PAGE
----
Editor’s note: This market commentary is provided by the Dairy Division at FCStone/Downes-O'Neill in Chicago, Ill.
Nearby Class III futures reversed course Thursday, trading sharply higher on less volume than the previous lower day and with very limited OI increases vs. prior day. Early market consolidation gave way to pre-report short covering, which was exacerbated by continued buy interest in both blocks and barrels and pushed nearby prices over .30/cwt higher by the closing bell. To the confusion of many, block cheese has edged higher on bids only ― again ― while barrels continue to trade at $1.46.
Let the head-scratching commence.
One main question we’ve been fielding all week is how can the CME cheese market go higher with such weak global prices? In short, it is by design a domestic market. Although international dealings can have an influence, the main function of the CME spot markets is for the management of U.S. inventory. It is likely the most expensive method of inventory management compared to deals consummated in the country directly between buyers and sellers, but it is a viable route of last resort for the last loads needed to be bought or sold. As a result, we can be inundated with weak global price reports and talk about of rivers of milk, but if there’s little fresh cheese available for sale in Chicago, prices can rise (or vice versa). We may be in one of those times right now. Speaking of rivers of milk….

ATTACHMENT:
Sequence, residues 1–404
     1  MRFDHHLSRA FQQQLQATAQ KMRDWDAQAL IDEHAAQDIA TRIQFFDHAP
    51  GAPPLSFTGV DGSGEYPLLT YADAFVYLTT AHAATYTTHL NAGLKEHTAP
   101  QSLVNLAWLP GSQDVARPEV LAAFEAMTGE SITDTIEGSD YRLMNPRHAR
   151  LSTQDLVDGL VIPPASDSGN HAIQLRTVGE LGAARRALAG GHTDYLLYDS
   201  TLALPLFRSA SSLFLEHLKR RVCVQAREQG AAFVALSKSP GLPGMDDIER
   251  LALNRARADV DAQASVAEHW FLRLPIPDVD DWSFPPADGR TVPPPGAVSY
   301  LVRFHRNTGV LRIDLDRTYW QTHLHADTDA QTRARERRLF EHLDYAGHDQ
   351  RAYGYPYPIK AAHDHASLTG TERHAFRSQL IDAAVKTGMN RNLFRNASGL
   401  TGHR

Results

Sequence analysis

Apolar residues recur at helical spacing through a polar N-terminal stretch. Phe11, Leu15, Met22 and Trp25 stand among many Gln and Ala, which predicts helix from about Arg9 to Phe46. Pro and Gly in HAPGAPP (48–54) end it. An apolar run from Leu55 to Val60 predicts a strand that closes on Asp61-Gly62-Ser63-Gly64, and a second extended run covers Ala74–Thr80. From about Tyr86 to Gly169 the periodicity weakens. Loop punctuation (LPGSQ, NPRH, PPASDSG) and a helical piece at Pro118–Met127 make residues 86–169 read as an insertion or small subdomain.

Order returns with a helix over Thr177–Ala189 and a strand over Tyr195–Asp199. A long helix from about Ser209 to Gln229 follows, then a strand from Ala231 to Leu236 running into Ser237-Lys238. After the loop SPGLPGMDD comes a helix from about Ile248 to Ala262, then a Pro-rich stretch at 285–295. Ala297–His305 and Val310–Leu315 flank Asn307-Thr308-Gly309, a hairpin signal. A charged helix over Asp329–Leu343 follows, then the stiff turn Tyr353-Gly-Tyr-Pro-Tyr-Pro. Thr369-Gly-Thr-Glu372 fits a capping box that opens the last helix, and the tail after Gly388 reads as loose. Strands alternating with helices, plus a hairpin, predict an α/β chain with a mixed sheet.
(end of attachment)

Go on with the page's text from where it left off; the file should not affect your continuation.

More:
Milk Production Report:
In our opinion, yesterday’s milk production report was neutral to slightly bearish. According to the USDA, Total U.S. milk production was up 4.2% over last year against our estimate for an increase of 4.5%, which is bearish. However, the numbers arrived on the low end of pre-report expectations.
Once again, the previous month production saw a revision to the upside as total U.S. production for February was increased by 17 million pounds from last month’s initial estimate due to cow numbers being revised higher by 4,000 head. March total milk production came in at 17.70 billion pounds. Milk per cow for the all of the U.S. came in at 1,910 pounds, which was below our expectation of 1,916, leading to the overestimate of production. Total cows were at 9.27 million head, an increase of 16,000 over the initial February estimate. In futures trading, since the report, very little impact has been seen with nearby months still sharply higher on a stronger spot market. From a longer-term perspective, the increase in cow numbers is perhaps the most important factor in Thursday’s report, though given the strong slaughter rates and action taken by cooperatives we’d expect to see those numbers level out in the next few months.